For an automobile, everyone is familiar with Miles-Per-Gallon or MPG. Today, we are going to introduce an equivalent measure of pump station efficiency that every water utility Telemetry/SCADA system should include: GPK.
Have you ever calculated the average gas mileage for your automobile? It’s fairly simple ― At two successive fuel tank fill-ups, check the odometer, and calculate the difference in miles: Delta-Miles. Then, after the last fill-up, note the amount of fuel added: Delta-Gallons.
MPG (Miles per Gallon) = Delta-Miles / Delta-Gallons
Note that the above measurement provides an average MPG achieved throughout the previous tank of fuel.
It is also useful to know the realtime MPG, but this requires knowledge of the instantaneous automobile speed and the instantaneous fuel flow-rate:
MPG (realtime) = Speed (MPH) / FuelRate (Gallons/Hour)
Some late-model automobiles, assisted by an internal computer and sensors, provide a visual display of realtime MPG on the dashboard:
Pump Station Efficiency…
Equivalently, in a water utility, it is also possible to calculate the energy efficiency for your water pumping system:
GPK (Gallons per KilowattHour) = GallonsPumped / KilowattHours
Note that the above measurement provides an average GPK achieved throughout some fixed time period.
As with the automobile example, it is also useful to know the realtime GPK, but this requires knowledge of the instantaneous Pump FlowRate (Gallons per Hour) and instantaneous Power (KW):
GPK (realtime) = 60 x FlowRate(GPM) / Kilowatts
If the pump station contains: (1) Flow Meter, (2) SCADAmetrics EtherMeter®, and (3) A Full-Featured Variable Frequency Drive with Modbus ― then it is equipped with everything necessary to measure and trend realtime GPK:
The EtherMeter provides the GallonsPumped and FlowRate figures via Modbus:
40001-40002: Totalization (Gallons) 40005-40006: Rate-of-Flow (GPM)
A unique feature of the Allen Bradley PowerFlex® VFD is its ability to transmit Kilowatt and Kilowatt-Hour figures via Modbus/RTU:
40011: Output Power (KW) 40012: Elapsed Energy (MWH) 40016: Elapsed Energy (KWH)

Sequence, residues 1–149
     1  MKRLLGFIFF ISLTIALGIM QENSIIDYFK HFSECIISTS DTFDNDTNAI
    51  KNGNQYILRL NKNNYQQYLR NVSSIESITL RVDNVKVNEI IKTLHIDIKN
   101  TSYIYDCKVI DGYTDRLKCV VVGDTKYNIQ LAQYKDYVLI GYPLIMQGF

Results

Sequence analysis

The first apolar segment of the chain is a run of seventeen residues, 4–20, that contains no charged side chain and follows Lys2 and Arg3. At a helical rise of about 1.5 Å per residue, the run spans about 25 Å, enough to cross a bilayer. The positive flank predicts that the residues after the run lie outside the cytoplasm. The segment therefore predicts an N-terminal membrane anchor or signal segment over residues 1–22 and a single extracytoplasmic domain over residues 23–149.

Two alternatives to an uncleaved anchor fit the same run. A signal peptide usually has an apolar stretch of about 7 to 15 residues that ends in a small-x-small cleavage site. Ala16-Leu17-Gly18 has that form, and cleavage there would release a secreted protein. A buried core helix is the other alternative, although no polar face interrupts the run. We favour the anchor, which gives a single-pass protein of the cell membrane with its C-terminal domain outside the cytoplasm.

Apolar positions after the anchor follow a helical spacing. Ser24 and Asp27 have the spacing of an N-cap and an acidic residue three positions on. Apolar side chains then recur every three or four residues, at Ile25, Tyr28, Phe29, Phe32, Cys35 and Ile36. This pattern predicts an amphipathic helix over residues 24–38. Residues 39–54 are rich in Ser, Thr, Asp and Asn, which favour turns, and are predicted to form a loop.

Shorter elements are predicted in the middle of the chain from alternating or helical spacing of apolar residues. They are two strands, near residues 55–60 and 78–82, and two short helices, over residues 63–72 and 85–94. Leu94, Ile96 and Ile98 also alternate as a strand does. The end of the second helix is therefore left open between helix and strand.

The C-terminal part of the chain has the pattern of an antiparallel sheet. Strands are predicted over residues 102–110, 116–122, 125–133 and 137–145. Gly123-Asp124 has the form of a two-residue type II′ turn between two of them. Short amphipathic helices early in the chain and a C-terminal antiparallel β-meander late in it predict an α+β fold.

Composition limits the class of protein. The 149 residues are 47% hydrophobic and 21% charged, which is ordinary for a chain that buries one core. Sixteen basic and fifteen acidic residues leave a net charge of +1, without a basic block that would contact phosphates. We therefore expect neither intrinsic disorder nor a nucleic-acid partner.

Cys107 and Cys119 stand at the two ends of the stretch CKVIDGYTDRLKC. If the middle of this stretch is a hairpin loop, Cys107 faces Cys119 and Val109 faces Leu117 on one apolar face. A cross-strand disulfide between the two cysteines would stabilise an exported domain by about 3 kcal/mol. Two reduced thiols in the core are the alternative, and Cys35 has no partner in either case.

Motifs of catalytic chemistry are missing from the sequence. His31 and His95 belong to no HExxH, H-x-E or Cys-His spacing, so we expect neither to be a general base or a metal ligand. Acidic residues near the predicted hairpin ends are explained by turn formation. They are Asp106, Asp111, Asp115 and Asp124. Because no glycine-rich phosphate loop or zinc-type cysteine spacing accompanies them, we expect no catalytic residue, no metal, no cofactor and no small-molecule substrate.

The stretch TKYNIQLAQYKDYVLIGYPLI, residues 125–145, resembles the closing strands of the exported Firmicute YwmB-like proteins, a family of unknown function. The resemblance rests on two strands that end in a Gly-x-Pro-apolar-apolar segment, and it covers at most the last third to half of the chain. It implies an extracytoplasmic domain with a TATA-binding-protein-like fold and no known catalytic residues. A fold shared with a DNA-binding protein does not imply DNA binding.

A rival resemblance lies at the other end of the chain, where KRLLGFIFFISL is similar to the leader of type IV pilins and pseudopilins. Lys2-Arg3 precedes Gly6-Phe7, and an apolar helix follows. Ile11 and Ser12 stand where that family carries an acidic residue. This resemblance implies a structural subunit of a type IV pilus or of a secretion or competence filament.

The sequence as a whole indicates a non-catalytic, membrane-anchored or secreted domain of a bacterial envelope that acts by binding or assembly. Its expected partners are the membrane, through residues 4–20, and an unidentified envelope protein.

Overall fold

Therefore, a connected PLC or SCADA system can collect these measurements ― using Modbus, DF1, or EtherNet/IP™ ― to provide a running display of Pump Energy Efficiency.
Why is this measurement important? Because when pump speed ― and therefore flow rate ― is reduced and optimized by controlling a VFD’s output frequency, pipeline friction losses are reduced. And since friction losses are proportional to the flow-rate squared, reducing the flow-rate by even a modest factor may yield significant energy savings. In an extreme example, reducing flow-rate by a factor of 2 will reduce pipeline friction losses (wasted energy) by a factor of 4.
In a successful real-world application, we recently observed a Water Utility who was able to reduce its average pump energy consumption by a factor of 3! In this project, the customer replaced soft-starters with VFD’s and leveraged a Flow Meter/EtherMeter combination to optimize the rate-of-flow and GPK. Before the introduction of the VFD’s, the pumps were only capable of running at 100% speed ― typically pumping at a flow rate of 352.3 GPM ― with an average efficiency figure of 1328 GPK.
After the VFD’s were installed and optimization completed, a new average rate-of-flow was set at approximately 169.34 GPM ― yielding a new average efficiency figure of 4033 GPK. At the time of this writing, the cost per a Kilowatt-Hour is generally around $0.12, so the pump station’s energy costs were calculated to drop from $345/month to $114/month!
Also, Rockwell Automation offers a useful tool in the form of an online energy savings calculator.
Are you interested in learning more about how the SCADAmetrics EtherMeter can be combined with the Rockwell PowerFlex VFD within a Modbus or DF1 or EtherNet/IP™ network to enhance your SCADA/Telemetry system? Give us a call, and we’ll be glad to help you achieve the most out of your pump energy dollar, ever in accordance with our motto:
“You can’t manage what you don’t measure.”
Thanks for the article. We didn’t examine pump station’s efficiency from this view yet. Very interesting!